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Go on any message board regarding “A Wrinkle in Time” – based on the 1962 children’s novel about young Meg Murry’s journey through the galaxy to rescue her missing father – and you easily find some troll bemoaning the diverse actors of the 2018 film adaptation.
Apparently, casting Storm Reid, 14, as protagonist Meg, a character never racially defined in print, is pushing some social agenda. Apparently, placing a black teen in a lead role can only be the work of those libs. Such complaints are always camouflage for something far less innocent, so let’s break down why haters don’t understand.
When Madeleine L’Engle tried to publish “Wrinkle” in the 1960s, she was rejected upwards of 26 times. Too weird, too long, too adult for kids, too science heavy, the complaints went. She refused to change her story for publishers, preserving a unique depiction of evil and her long-held belief that such forces are not fought with traditional weapons but through nonviolent means (she worked this into her fiction whenever possible). All this in a story with not one but multiple prominent female roles, particularly alien beings Mrs. Whatsit (Reese Witherspoon), Mrs. Which (Oprah Winfrey) and Mrs. Who (Mindy Kaling). Sorry Aunt Beast fans, she only gets a cameo on screen.
This is especially more intriguing since L’Engle was a devout Christian, and white evangelicalism has not been the greatest to women or people of color. But her individual faith convictions would absolutely align with the film production’s choices, namely casting nonwhite performers like Reid, Winfrey, Kaling, Gugu Mbatha-Raw as Mrs. Murry and Michael Peña as the Man with Red Eyes.
And then there’s the history-making news that acclaimed director Ava DuVernay (“Selma,” “13th”) became the first black woman to helm a film with a budget over $100 million (never expected Disney to be first to break that glass ceiling). Again, L’Engle would be an ally on this as well. All this to say, anybody who wants to talk about any “agenda” surrounding the film probably doesn’t know just how progressive L’Engle was during her prime.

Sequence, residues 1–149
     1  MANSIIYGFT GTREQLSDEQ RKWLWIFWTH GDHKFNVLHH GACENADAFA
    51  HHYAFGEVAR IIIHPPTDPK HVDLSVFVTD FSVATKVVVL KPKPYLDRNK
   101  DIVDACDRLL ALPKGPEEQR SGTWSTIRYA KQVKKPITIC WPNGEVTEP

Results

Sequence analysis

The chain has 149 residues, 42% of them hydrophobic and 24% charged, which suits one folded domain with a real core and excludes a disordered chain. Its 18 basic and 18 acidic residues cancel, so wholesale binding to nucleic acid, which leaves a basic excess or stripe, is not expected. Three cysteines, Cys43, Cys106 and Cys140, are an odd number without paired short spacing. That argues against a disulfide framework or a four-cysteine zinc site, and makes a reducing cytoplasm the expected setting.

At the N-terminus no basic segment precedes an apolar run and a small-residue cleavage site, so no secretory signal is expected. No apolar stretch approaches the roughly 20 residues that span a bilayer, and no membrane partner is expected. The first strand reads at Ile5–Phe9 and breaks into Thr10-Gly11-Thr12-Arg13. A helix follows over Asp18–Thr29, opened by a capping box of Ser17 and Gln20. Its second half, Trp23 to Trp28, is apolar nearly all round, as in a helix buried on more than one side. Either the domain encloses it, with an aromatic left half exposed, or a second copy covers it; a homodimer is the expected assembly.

All this doesn’t, however, mean the film is perfect. While DuVernay modernizes the story effectively, complete with beautiful cinematography – thanks to Tobias A. Schliessler – and some beautiful visual graphics, it does stumble along the way. Much like the novel, introductions of all three “Mrs.” characters result in three awkward scenes that happen without transition, and to a film score by Ramin Djawadi that’s entirely out of place, emphasizing melodrama rather than something more playful.
Perhaps the most distracting misstep is the use of modern pop songs on several occasions during the film, either to compliment a montage or explain an emotional moment. This is quite common in most children’s films, but that doesn’t make it a good idea. In one key scene toward the end, Meg makes a significant discovery that’s almost completely undermined by this practice.
In some ways, “Wrinkle” is both a splendid film and a missed opportunity. It is a children’s film, after all, and while studios like Pixar attempt to construct stories for broader audiences, this one seems less worried about older audiences. So uneven performances by younger actors are forgiven to a degree – Reid is not on this list, she is amazing – because children’s films have a different audience expectation. And Kaling and Witherspoon are also let off the hook for rather corny line delivery.
But in the midst of this children’s film, some incredible moments sneak through. The film’s villain, simply called The IT (voiced by David Oyelowo), has spread throughout the galaxy, even infecting Earth. Rather than generically discuss its presence, “Wrinkle” provides actual examples of it at work in people’s lives, and they might hit close to home.
For some viewers, the childish elements coupled with touchier content might work. Others, not so much. But if is too childish, perhaps it’s important to remember what L’Engle said: “You have to write the book that wants to be written. And if the book will be too difficult for grown-ups, then you write it for children.”
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